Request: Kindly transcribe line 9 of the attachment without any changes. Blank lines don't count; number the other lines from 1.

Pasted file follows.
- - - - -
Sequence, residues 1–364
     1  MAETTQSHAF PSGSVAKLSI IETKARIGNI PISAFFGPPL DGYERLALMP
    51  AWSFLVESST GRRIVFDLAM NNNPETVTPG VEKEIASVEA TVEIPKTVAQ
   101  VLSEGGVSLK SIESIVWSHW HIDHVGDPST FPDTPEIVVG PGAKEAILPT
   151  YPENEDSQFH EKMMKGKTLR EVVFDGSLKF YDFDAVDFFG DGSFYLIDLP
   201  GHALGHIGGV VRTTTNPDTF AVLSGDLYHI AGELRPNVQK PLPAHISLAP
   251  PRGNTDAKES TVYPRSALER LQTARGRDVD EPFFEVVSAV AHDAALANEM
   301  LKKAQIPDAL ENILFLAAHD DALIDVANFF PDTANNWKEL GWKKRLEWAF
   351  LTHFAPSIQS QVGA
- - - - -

   351  LTHFAPSIQS QVGA